One thing I struggle with some years is when to write it. Depending on when Friday falls on the calendar, I either write them the last Friday in December or the first Friday in January. This year my inclination was to do it in my Dec. 27 column, but because the abnormally large amount of rain we received this year, particularly during the summer, was such a big story, I wanted to wait for today so I could include the year-end total.
Total rainfall for the year at my house was 76.1 inches, about 33 inches above normal. The total at Augusta Regional Airport was 55.52, but as we all know, it never rains as much out there as it does everywhere else in the area.
I have been keeping rainfall records at my house since 2000 (at least those I can find). This is the largest amount ever for me. The closest to this was 2003, when I got almost 69 inches.
The rain got off to a very slow start last January when I had only 1.75 inches. It began to really pick up in February with a 9.425-inch total. Average is about 4.25 inches. March and May were close to normal, but the June rains came with a vengeance. The total was 17.9 inches, and according to my records, it rained for 15 out of the 30 days. Normal June totals are 4.25 inches. It continued to rain much more than normal for July and August, with me getting over twice the normal amount each month.
What happened in the landscape because of all the rain? In my June 14 article, I wrote about turfgrass getting slime mold, gray leaf spot and dollar spot diseases more than normal. Many of our annual flowers were suffering from root rot because of saturated soils.
• On July 19, I wrote about the abundance of millipedes because of all the rain. They were everywhere by the thousands, crawling on driveways, patios, decks and along the walls of the house. Unfortunately, I experienced all of this myself. I tried keeping them out of my house by spraying thresholds and around window sills, but they still made it inside. I believe if I had a dollar for everyone I picked up in the house, I would be a wealthy man. Typically those who live by the woods have more problems with them since they come in large numbers from the duff in the woods.
• My July 26 article was about how sick our lawns were looking not only because of the rain but also because of the cloudy, overcast conditions when it was not raining. Certain turfgrasses, such as Bermuda, need a lot of sun to look good, and we just weren’t getting much. Bermuda lawns developed an off-green color that we were not used to seeing in the middle of summer. We also were not mowing the grass as often because of the soggy ground. When the grass was mowed, we were cutting off most of the green blades, leaving only brown stems. I mentioned that I had seen a freshly cut Bermuda lawn that was 100 percent brown. It looked as if it was either winter or that armyworms had eaten the whole lawn.
Also causing off-color was the fact that many lawns were being unintentionally scalped because the lawn mower tires were sinking in the ground. This gave the grass the same effect of lowering the lawn mower blade a notch or two. I had seen a finely manicured Emerald zoysia lawn that looked like a big truck had driven across the yard.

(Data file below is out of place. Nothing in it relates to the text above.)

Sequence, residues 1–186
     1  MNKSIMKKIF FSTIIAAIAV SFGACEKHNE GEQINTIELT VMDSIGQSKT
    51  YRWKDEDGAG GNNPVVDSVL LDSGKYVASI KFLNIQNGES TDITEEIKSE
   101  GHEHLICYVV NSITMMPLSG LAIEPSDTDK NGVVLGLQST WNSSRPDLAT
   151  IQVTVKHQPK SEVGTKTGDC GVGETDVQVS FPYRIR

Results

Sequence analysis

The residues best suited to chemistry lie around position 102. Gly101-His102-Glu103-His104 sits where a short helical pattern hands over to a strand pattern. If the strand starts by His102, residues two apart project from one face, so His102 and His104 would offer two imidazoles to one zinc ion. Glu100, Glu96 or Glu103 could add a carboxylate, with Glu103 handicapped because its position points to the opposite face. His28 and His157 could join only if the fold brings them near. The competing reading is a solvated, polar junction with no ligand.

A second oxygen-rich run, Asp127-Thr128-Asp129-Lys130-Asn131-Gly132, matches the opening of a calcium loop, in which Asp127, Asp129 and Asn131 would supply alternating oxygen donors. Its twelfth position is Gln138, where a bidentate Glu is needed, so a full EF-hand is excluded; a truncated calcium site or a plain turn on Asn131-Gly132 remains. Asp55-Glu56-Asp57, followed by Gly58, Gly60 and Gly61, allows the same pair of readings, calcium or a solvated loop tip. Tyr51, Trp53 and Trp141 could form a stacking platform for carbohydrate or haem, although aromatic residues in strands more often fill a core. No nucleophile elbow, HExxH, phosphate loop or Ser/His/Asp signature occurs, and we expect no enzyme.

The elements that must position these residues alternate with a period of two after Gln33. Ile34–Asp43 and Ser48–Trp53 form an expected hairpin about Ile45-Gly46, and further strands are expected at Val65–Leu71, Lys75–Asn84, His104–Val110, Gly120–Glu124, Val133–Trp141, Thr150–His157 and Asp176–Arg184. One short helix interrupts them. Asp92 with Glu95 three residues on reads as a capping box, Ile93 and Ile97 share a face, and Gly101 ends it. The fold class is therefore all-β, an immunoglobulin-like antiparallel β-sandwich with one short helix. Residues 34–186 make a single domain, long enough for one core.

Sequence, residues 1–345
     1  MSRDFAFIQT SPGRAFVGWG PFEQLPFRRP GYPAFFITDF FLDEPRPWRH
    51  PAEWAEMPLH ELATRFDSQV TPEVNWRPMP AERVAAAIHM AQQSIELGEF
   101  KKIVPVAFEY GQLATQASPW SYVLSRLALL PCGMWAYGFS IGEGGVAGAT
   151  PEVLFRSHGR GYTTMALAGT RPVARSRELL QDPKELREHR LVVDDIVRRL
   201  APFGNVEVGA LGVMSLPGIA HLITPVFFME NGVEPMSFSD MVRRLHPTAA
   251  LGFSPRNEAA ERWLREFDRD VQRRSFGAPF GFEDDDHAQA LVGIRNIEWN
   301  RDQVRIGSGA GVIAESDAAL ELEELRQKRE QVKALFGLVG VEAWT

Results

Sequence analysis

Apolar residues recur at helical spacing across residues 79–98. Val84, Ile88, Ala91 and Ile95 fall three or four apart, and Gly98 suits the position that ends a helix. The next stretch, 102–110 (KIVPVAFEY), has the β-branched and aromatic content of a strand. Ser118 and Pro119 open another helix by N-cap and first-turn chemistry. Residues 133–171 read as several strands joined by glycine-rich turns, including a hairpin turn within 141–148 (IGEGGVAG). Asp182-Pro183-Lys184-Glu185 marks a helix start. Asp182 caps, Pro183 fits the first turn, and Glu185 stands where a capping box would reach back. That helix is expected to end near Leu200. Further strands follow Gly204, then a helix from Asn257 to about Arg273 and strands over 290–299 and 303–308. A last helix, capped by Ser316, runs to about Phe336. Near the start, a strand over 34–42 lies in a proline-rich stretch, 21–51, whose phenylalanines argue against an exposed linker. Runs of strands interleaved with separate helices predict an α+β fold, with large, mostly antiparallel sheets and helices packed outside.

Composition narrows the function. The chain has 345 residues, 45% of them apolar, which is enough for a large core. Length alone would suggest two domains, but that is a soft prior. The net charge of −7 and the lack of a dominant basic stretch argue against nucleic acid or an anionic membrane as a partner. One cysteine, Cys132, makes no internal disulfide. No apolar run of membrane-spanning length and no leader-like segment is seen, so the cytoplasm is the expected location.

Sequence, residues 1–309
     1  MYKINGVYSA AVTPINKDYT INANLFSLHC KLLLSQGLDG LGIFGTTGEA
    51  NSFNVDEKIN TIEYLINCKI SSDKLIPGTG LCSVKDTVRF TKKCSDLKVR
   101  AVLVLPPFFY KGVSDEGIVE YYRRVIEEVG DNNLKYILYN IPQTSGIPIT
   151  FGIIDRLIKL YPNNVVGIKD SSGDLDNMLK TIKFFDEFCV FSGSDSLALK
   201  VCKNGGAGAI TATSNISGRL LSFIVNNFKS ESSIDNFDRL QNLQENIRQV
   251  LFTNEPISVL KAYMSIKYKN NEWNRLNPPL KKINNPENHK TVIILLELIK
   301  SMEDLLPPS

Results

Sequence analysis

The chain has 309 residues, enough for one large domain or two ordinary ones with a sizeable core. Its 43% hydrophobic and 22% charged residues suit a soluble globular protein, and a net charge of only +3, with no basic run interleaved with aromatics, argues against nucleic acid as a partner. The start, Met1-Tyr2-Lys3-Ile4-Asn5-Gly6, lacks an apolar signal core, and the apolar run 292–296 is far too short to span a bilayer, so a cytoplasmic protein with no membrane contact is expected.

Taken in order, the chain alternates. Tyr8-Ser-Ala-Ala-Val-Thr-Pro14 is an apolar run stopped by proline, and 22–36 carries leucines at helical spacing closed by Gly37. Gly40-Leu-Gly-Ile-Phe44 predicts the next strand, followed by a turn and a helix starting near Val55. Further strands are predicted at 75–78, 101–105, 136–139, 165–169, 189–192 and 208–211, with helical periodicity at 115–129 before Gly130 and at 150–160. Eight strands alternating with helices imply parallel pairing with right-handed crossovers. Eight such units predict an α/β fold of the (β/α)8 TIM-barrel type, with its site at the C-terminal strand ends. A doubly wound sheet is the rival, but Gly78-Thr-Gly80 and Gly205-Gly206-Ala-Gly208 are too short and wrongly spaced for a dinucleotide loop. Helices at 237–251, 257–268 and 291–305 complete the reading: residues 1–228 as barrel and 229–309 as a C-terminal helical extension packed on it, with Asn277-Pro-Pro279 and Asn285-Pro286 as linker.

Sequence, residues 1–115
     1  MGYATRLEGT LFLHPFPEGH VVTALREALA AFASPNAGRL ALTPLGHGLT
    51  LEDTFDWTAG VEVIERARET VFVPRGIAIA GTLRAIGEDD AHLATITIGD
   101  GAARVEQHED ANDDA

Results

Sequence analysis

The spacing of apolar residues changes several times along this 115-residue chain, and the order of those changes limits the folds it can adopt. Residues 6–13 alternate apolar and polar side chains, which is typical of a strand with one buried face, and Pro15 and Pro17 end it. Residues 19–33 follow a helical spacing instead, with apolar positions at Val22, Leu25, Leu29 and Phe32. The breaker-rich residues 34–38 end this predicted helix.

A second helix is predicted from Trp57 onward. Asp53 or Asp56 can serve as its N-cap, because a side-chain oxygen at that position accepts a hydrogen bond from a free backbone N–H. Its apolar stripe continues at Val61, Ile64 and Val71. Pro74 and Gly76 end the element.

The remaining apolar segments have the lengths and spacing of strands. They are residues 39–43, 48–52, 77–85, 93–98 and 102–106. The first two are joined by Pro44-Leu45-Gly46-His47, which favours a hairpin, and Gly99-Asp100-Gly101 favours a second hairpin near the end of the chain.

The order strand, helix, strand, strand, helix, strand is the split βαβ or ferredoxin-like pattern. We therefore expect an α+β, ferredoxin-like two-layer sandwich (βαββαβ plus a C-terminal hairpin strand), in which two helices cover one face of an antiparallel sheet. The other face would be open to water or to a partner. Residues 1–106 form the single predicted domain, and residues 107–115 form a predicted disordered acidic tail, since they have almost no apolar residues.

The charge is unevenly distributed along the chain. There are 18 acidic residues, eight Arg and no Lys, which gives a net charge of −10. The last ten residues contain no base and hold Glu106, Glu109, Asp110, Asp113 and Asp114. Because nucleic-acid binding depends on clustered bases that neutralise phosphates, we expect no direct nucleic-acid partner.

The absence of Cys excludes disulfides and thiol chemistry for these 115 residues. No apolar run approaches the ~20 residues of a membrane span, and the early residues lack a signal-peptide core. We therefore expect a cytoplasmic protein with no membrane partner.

• Another big story was the warm winter/cool spring. A lot of our February blooming plants were already blooming in January. For a while, it looked like all the flowers would be gone by Masters Week, but the cool spring slowed things down so that it was beautiful during the tournament.
In my March 29 article, I wrote that it was warmer in January than either February or March. I knew that March being cooler than January had to be an extremely rare occurrence. It was so rare that before 2013, it had happened only six times since weather records were kept in 1875, with the last time in 1960.
The May 24 article was about the tiny white specks on the leaves of magnolia trees. The culprit is false oleander scale, a fairly new insect problem that we have only started to see the past year or two.
• On June 7, I wrote about something I saw for the first time this year – cancer root, also called squawroot or bear corn. It is a perennial, nonphotosynthesizing parasitic plant. The plant looks like some kind of mutant pine comb, growing about 4-8 inches tall. This plant is a parasite on the roots of oak trees.
Native trees, sassafras, were dying in landscapes and in the woods, and that was the subject of my June 28 article. It was caused by Asian ambrosia beetles boring into the wood and introducing a fungus called laurel wilt disease. It has also been killing another native, Red Bay. There is no known method to halt the spread of this problem. Like many of our destructive killers on plants, these ambrosia beetles were accidently introduced from Asia.
• In my May 17 article, I wrote about knockout roses, as I said that they were as pretty as I can ever remember seeing them. If you don’t have any of these wonderful plants in your landscape, you are really missing out. You can plant them and pretty much forget them.
Good luck gardening in 2014!
REACH SID MULLIS, THE DIRECTOR OF THE UNIVERSITY OF GEORGIA EXTENSION SERVICE OFFICE FOR RICHMOND COUNTY, AT (706) 821-2349 OR SMULLIS@UGA.EDU.